08 October 2008

20th Century Boys

Last Sunday morning, instead of doing something healthy in the open air, Kaz and I spent 142 minutes at the cinema watching 20th Century Boys. It is the first part of a trilogy and covers the first 5 books of Naoki Urasawa's 22 book manga series. It is also one of the biggest budget films ever made in Japan. When we came out, we agreed that it was a good movie but that there was rather a lot going on plot-wise, which was nice because, after all, he's 12 and I'm 53. Where we differed, maybe, is that he was probably a lot less interested in, and puzzled by, the T-Rex references than I was.

In brief, a gang of kids in sixties Japan build a 'secret base' in an abandoned field and write 'a book of prophecy', in which Tokyo is threatened by destruction by the evil genius 'Friend'. Years later, the prophecy starts comes true, just as it has been written, and the now middle-aged gang have no option but to avert the disaster, but not before Haneda Airport and the National Diet get blown up. Rock music squeezes its way into the plot through the leader of the gang, Kenji, who has been in a rock band, but now helps out in his family's convenience store. It's an excuse for a pretty good soundtrack as well as a couple of rock-mediated turning points - like the scene where Kenji picks up a guitar, unleashes a god-of-rock solo and decides that it's time for action.

Now the puzzle for me is really in the title, 20th Century Boys, which is based on an old T-Rex song, 20th Century Boy. Back in the secret base, the kids are tuned in to Bob Dylan's Like A Rolling Stone on the transistor radio, which makes good sense if this is a movie about getting back the lost ideals of sixties rock. But T-Rex were not a sixties rock band and they seem just a little out of place here to me. For me, and I guess for a lot of people of my age, T-Rex was a disappointingly successful attempt to cash in on the talent that was going to waste commercially on Tyrannosaurus Rex. Tyrranosaurus Rex good: T-Rex bad. But maybe not in Japan. In another pivotal scene, Kenji storms into a performance by a Japanese post-glam rock band and screams 'This is not rock!'. Fine, I thought, except that the band look and sound a lot like T-Rex - at least to my eyes and ears.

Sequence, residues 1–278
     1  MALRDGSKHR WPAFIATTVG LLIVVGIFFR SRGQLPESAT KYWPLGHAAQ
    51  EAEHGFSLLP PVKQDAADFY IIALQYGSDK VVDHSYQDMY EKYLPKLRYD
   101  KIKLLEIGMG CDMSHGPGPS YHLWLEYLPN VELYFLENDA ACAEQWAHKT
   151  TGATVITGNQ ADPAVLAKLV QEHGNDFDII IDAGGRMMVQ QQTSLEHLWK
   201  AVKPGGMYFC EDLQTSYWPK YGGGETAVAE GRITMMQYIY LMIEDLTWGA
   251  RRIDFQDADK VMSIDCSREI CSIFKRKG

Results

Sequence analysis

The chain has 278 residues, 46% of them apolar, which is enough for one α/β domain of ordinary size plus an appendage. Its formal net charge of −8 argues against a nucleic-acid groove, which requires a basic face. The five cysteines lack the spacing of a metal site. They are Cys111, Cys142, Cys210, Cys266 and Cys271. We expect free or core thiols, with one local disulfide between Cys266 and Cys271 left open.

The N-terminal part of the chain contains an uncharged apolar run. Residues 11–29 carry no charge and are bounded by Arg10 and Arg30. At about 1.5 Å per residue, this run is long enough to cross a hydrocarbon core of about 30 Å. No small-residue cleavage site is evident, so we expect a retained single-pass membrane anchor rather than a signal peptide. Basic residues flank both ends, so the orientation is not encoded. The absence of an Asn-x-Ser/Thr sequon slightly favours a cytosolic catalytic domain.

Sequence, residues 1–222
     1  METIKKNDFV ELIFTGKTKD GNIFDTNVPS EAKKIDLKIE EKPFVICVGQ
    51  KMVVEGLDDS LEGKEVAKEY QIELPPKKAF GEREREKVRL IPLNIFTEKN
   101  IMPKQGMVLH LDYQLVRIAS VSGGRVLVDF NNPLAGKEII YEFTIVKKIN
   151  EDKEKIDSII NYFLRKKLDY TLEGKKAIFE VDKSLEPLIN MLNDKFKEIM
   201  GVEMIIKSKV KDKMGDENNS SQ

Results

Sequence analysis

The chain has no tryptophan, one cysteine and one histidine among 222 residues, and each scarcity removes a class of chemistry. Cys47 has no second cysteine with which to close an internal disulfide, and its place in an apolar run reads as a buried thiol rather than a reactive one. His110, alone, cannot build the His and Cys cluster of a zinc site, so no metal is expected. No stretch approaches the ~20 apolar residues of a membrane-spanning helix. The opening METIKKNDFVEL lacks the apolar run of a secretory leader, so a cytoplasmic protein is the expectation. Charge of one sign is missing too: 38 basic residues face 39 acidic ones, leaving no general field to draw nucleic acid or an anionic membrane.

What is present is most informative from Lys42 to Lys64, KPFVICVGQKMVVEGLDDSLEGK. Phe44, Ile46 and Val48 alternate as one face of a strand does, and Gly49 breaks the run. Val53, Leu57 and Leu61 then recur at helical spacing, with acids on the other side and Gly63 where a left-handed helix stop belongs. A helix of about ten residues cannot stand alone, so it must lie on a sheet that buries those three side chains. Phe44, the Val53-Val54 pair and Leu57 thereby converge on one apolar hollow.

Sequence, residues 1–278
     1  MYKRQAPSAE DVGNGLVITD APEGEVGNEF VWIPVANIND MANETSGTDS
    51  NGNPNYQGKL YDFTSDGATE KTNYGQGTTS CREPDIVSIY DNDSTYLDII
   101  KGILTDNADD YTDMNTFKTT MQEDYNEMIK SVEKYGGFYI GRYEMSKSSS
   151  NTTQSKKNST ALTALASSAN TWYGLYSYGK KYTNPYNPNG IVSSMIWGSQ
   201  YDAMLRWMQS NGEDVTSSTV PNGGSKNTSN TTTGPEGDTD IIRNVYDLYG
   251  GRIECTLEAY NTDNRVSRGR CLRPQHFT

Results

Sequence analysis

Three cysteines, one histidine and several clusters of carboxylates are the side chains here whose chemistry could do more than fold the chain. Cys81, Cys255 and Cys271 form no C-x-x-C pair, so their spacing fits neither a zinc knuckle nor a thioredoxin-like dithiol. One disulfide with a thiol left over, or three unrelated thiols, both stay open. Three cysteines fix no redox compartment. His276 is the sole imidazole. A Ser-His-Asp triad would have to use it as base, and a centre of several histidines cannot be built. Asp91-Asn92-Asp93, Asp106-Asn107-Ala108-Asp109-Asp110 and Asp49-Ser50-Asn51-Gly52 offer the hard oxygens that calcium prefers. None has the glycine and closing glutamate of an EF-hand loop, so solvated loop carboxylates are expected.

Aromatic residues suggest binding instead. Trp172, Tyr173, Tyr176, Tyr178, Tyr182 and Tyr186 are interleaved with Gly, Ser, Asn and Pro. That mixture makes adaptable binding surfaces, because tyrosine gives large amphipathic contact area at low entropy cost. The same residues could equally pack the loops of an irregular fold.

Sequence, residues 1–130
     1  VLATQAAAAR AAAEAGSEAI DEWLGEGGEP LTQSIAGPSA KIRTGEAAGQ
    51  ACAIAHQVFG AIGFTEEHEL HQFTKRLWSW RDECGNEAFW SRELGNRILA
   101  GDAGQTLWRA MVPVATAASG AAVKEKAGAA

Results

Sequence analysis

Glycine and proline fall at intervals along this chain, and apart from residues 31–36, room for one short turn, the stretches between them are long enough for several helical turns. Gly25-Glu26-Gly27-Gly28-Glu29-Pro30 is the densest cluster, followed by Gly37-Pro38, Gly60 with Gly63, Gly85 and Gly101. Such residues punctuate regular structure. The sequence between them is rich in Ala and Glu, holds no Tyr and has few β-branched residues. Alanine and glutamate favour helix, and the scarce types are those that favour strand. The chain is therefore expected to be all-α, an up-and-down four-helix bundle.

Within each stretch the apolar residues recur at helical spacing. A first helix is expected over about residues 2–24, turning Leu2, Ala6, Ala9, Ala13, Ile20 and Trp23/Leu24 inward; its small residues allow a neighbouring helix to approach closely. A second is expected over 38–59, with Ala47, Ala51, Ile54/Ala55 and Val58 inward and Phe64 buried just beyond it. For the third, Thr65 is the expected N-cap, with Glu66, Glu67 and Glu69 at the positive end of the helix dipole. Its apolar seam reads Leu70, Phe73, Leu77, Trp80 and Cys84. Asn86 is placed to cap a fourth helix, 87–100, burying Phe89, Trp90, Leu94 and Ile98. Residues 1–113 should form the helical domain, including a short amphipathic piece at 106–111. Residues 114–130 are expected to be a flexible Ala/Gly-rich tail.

And is this connected? A 1997 tribute album to Marc Bolan by 14 Japanese bands - all singing in English and most better than the originals in my prejudiced opinion. 20th Century Boy is track 3 and done by The Willard.

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